Uldus Bakhtiozina is a Russian photographer and visual artist who studied Photography at University of Arts, London, at Central Saint Martins College. She worked as a fashion and art photographer and is now back in Russia working from her own studio of visual arts.
Hello my little Sugar Packets!
An arty type by the name of Sean Stubbs asked Bill and I if we fancied doing something towards a video for an arty event in London. Of course we said yes and wept and agonised for several years over our pieces. No, we were given a day to do it. So, yes, I suppose there was some weeping.
The event, if you feel so inclined to show your bright button faces, is here and the video is below. Our brief was ‘The apocalypse is coming but turns out not to be so bad after all.’ The end result is a bit Chris Morris, a bit Warp Records/Planet Mu and a bit Welcome To Night Vale, if I do say so myself.
When I get the full track list I’ll edit this post but for the time being here’s The Center Parcs Fun Time Gang episode 2:
Bill’s animation is at the 1.40 mark
My audio ‘Finding A Date After The Apocalypse Without Losing Your Skin Or Worse’ is at 13.20. Enjoy!
Morning my little plum berries! I’ve been experiencing my usual lady health difficulties this last few days so I’m afraid this will be brief, but I’d like to share the work of an artist called David B Earle.
The first, titled Dining Room or There Is Nothing, is intended to play on an endless loop and is fairly well known for appearing on ‘creepy youtube films’ lists.
His site says “This short film flips back on itself. At exactly the midway point, the film begins to run backwards, and the sound repeats itself backwards with it. The character (Lea Porsager), speaks the three words backwards as the film goes forwards, so that they can be deciphered at the end of the film when they are played backwards.
When looped, there is no actual beginning or end, and no real sense of where the beginning and end actually are.
This piece was inspired by a personal paradoxical desire for empirical proof that there is nothing on the ‘other’ side of life.
I wanted to blur the distinction between the two states, and to state the paradox by showing someone who is coming back from life (or death), and denies its existence, thereby fulfilling the paradox.”
This one, probably a glimpse into my future, is called Deleted Scene (From An Imaginary Film):
This one, probably my favourite, was uploaded only 7 months ago, Getting Off:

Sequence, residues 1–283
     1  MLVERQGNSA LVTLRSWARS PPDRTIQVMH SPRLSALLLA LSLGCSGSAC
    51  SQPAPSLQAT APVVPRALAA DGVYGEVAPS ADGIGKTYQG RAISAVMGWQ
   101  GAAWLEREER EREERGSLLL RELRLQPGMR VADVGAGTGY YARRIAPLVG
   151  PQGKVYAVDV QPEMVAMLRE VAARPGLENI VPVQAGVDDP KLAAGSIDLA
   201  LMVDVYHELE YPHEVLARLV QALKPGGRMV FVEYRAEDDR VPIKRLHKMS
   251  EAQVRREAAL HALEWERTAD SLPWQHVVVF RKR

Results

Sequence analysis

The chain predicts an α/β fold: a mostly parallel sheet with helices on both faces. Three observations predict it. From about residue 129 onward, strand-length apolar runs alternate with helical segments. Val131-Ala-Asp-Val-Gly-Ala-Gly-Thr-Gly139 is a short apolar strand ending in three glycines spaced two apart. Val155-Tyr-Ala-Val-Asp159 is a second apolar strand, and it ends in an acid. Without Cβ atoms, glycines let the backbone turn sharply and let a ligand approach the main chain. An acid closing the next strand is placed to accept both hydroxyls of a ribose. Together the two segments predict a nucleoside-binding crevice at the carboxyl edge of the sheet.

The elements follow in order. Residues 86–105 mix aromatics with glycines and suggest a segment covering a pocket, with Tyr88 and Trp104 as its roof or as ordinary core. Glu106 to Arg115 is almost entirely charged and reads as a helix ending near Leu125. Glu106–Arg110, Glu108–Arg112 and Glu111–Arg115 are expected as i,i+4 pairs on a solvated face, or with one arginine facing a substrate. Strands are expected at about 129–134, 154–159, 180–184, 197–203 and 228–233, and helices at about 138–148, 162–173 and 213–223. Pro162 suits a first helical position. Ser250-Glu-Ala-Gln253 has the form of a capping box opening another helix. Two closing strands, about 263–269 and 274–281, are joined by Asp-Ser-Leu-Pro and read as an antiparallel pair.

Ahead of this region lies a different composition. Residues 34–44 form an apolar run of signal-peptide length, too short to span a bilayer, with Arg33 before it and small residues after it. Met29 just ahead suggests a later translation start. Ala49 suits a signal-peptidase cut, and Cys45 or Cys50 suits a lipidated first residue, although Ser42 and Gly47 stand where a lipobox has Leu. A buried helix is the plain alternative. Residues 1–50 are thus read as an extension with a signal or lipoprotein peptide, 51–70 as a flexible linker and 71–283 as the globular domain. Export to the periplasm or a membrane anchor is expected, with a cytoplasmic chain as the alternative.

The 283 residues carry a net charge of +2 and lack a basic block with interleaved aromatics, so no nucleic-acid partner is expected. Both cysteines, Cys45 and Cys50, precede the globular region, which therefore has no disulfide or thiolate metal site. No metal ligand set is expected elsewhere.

Surely not? You say. Such a thing is impossible. I’ll leave you to judge. Can a book composed entirely of animated gifs really have a cohesive structure? Well…no. Is it scary? Only you can say. Some of them are very graphic and disturbing to look at, sure. Some of them are also very silly. However it’s probably the thought that counts, and the idea is definitely an intriguing one.
Merry Spring! Tis the time for daffodils, blue skies and wildly raging hormones. But wait, get that poor nude fellow down from the Wicker Man, you can burn him later. First on the agenda is a new pile of extremely odd books.
1. The Hearing Trumpet by Leonora Carrington. One of the surrealist crowd and lover of Max Ernst, Leonora’s life seems as bizarre as any of her work. The book itself is intriguing and oddly refreshing – the main characters are all women in their 90s, an age group usually included in fiction to generate sympathy or to hilariously utter a swear word at the wrong moment. However these are real characters featured among the increasingly bizarre carryings on.
2. People With Holes by Heather Fowler. The nominal first story in this collection made my brain crackle, which is my way of saying I found the thoughts it induced exciting. I will say there were perhaps one too many ‘people turning into animal’ stories but that’s my own opinion obviously, and there are plenty of other varieties of story. For any fans of magic realism or anything a bit different this is for you, and the way she writes pulled me right in.
3. A Million Versions of Right by Matthew Revert. Definitely an odd’un, this is also very funny. If your mind can take the battering from this surreal short story collection (one character’s job is to insult walls) I promise you chuckles a plenty.
4. Haunted Air: ‘A Collection of Anonymous Hallowe’en Photographs America c. 1875 – 1955‘ by Ossian Brown. Haunting, weird, fascinating and a little disturbing, this is literally a bunch of photos from various sources on Halloween, and yet it’s much more than that. Who are they? What did they do just seconds afterwards? With photos reminiscent of Diane Arbus, needless to say the foreword is by David Lynch.
Well, there we are! A few books to be going on with until next time. In the meantime here is a post about some lovely pornographic actresses, including that nice Stoya Doll, reading poetry and prose aloud. NSFW, kind of.